The success of January’s Barbara Shelley and Linda Hayden signing seems to have spurred events organiser 10th Planet on to book more Hammer actors. Last Saturday, in a conference room at Barking’s library, I had the pleasure of meeting John Carson, who starred in three of the studio’s films: The Plague Of The Zombies (1966), Taste The Blood Of Dracula (1970) and Captain Kronos – Vampire Hunter (1974).
As you can see from the pictures below, John is a man who belies his 84 years, though to see him looking so well was just one of this event’s joys. The other was hearing him speak in those instantly recognisable tones. If he’d brought along some voodoo effigies, by the end of the morning I would definitely have been working in his tin mine as a zombie slave.
I want to share a few thoughts (spoilerish ones, so be warned) about Danny Boyle’s Frankenstein, which I saw at the National Theatre on Monday. The play, written by Nick Dear, is still in its preview stage at the moment – press screenings follow later in the month, and the official premiere happens on 24 February – but what I saw appeared to be pretty well formed.
Famously, the roles of Victor Frankenstein and his creature will be alternated across the run. Benedict Cumberbatch and Jonny Lee Miller will be taking it in turns to portray the scientist and his experiment. The preview info didn’t state who would be playing which role on which day – you paid your money and took your chance – but I hoped I’d get to see Cumberbatch as Frankenstein, the creator. I wanted to see my favourite of the two actors playing a man, rather than a monster. After all, Victor would be the more interesting role, wouldn’t it?
The Ward – or John Carpenter’s The Ward, to give it its full and proper title – is a film I’ve been pining to see for what must be the best part of a year, ever since I heard it had gone into production. Carpenter has long been one of my favourite directors. I’ve been enjoying his films since I was 14 years old, at the height of the home-video boom. Long before I even knew what a director did, Carpenter’s name in the opening credits of a movie assured me that I was in for a good time.
Fast-forward 27 years, and here I am, sitting on a train heading for London’s West End. Destination: the Empire, Leicester Square, where The Ward, Carpenter’s first theatrical release in a decade, is playing its opening weekend. I’ve avoided seeing any trailers, and I deliberately haven’t read any synopses or reviews. I want to have no expectations; I want the film to surprise me. When I’m at the cinema, I like to feel like I’m sitting in the front car of a white-knuckle ride. It’s more fun than climbing in the back and slipping on someone else’s vomit… er, so to speak.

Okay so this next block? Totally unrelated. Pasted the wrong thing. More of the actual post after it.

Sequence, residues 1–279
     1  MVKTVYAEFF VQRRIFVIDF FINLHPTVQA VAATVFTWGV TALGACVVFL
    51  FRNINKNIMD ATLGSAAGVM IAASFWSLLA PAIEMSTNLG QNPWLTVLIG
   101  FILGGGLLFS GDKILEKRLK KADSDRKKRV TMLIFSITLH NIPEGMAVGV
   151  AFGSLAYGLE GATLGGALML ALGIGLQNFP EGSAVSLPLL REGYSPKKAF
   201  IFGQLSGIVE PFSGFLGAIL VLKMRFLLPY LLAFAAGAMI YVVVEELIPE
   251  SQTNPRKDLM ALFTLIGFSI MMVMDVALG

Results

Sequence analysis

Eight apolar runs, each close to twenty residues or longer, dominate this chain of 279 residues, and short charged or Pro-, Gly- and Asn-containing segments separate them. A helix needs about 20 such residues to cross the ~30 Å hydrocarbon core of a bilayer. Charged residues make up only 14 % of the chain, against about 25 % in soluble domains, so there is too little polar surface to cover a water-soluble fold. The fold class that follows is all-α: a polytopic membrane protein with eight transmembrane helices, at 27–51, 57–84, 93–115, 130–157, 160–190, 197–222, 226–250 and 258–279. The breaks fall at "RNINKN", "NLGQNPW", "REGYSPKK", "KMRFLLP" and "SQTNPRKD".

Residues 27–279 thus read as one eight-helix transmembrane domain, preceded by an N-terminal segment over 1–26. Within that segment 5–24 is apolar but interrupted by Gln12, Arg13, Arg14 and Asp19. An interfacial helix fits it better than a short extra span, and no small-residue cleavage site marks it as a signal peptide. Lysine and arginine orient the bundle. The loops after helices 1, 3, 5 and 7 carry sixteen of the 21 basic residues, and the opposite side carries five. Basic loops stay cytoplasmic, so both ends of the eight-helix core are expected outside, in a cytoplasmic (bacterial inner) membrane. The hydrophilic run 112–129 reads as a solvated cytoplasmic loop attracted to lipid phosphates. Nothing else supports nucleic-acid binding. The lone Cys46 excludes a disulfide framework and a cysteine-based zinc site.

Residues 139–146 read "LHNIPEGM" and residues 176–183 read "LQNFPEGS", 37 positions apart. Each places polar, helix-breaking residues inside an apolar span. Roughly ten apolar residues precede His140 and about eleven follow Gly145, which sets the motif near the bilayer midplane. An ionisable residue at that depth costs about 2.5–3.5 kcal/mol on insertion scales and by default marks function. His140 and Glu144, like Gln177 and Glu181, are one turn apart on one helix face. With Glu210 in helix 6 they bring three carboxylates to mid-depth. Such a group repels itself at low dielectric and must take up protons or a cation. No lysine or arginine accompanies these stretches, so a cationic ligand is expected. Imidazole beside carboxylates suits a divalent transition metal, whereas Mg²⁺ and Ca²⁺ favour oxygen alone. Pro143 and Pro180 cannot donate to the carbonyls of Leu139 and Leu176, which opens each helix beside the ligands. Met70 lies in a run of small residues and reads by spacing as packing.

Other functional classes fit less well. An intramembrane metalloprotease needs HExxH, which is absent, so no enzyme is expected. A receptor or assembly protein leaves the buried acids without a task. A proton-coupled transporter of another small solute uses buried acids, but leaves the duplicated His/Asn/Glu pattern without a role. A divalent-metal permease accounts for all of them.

As much as I enjoy attending 10th Planet’s Saturday-morning events in Barking, my day usually starts with a groan. The act of rising before the sun does might be easy – nay, compulsory – for vampires but, let me tell you, it hurts when you’re more alive than undead.
Of course, when I put it like that, the solution seems obvious – I need someone, or something, to put the bite on me. But, to be frank, I don’t much fancy the whole ‘fang-growing, coffin-dwelling, blood-drinking’ thing.
Someone who might, though, is one of the two actresses I met at last Saturday’s signing – namely Barbara Shelley, star of Dracula: Prince Of Darkness, a 1966 sequel in which Ms Shelley is bitten by Christopher Lee’s titular count and ends up… well, let’s not spill the beans when we could be spilling blood. The red, sticky stuff can also be seen in a fair few other films on Barbara’s CV, such as The Gorgon (1964) and Rasputin The Mad Monk (1966). Unsurprisingly, she’s been adopted by the classic-horror community as an icon of 1960s horror, and Hammer in particular.
Wandering around Collectormania London recently, I saw on one of the stalls a copy of Let’s Scare Jessica To Death, John D Hancock’s cult chiller from 1971. This was a movie that had long been on my want-to-see list, thanks largely to the critic Kim Newman. In my late teens, I was a regular browser of Newman’s 1988 book Nightmare Movies, in which the author championed the film, describing it as “shamefully underrated” – though, really, the title of the movie alone was enough to convince me that I ought to see it if I ever got the chance (see also Children Shouldn’t Play With Dead Things).
The stallholder was asking the not-unreasonable sum of £4.99, so I paid up and took the disc home. When I sat down to watch it last Saturday night, a curious thing happened: the film’s title prevented me from enjoying it as fully as I should have. To understand why, you have to know something about Jessica’s narrative – and here be spoilers, so if you’d rather be blind to what happens in this movie, shut your eyes now. (Beware the trailer below, too.)